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VINSE Colloquium Series “Development of theranostic nanobiomaterials for targeted immune modulation” Dr. Evan Scott 11/28/2018

Posted by on Tuesday, September 4, 2018 in Events, VINSE Colloquium, .

November 28, 2018

Evan Scott
Northwestern University
Assistant Professor of Biomedical Engineering

"Development of theranostic nanobiomaterials for targeted immune modulation"


4:10 PM, 134 Featheringill Hall
Refreshments served at 3:45

Abstract

Self-assembled nanobiomaterials that are engineered to achieve specific biodistributions and mechanisms of degradation hold great promise for controlled stimulation of the immune system.  Through the use of such rationally designed nanobiomaterials, we aim to investigate the basic inflammatory and immunological processes contributing to diverse pathologies and develop targeted immunotherapies.  We specifically approach this by synthesizing, assembling and testing in vitro and in vivo a range of nanostructures loaded with strategically selected combinations of immunostimulants to achieve controlled elicitation or suppression of the immune system.  Here, I will present some of our ongoing work in the area of nanobiomaterials development as well as recent applications of our materials for the controlled modulation of inflammatory cells.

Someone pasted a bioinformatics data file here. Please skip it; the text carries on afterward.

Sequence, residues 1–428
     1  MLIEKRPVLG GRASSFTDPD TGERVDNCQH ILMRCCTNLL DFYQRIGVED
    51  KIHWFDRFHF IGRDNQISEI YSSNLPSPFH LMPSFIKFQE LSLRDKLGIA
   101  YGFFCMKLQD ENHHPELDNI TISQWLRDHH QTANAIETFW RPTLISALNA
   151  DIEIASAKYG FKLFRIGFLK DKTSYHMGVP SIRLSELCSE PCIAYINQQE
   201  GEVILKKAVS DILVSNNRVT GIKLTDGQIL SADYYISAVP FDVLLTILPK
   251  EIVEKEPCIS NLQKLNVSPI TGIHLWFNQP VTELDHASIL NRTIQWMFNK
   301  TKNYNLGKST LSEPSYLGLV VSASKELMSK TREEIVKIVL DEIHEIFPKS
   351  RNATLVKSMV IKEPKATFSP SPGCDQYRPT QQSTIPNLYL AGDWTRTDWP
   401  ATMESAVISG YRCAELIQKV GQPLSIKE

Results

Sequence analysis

Bio

Evan Scott, Ph.D. has been as an Assistant Professor of Biomedical Engineering at Northwestern University since the fall of 2013.  He respectively received a B.S. and Ph.D. in Biomedical Engineering from Brown University in 2002 and Washington University in St. Louis in 2009. His dissertation work was performed in the laboratory of Prof. Donald Elbert, where he developed methods based in proteomics and polymer chemistry to both analyze and control the interactions between cells and material surfaces.  As a Whitaker International Scholar, he spent four years in Switzerland at the EPFL performing postdoctoral research in the laboratories of Prof. Jeffrey Hubbell and Prof. Melody Swartz. There he investigated new formulations and strategies for both HIV vaccination and cancer immunotherapy.  Dr. Scott is a recipient of the 2015 NIH Director’s New Innovator Award, the 2015 National Science Foundation CAREER Award and the 2014 American Heart Association Scientist Development Grant.  He was selected as a 2017 BMES Young Innovator of Cellular and Molecular Bioengineering and a 2018 Nano Research Young Innovator in Nanobiotechnology.

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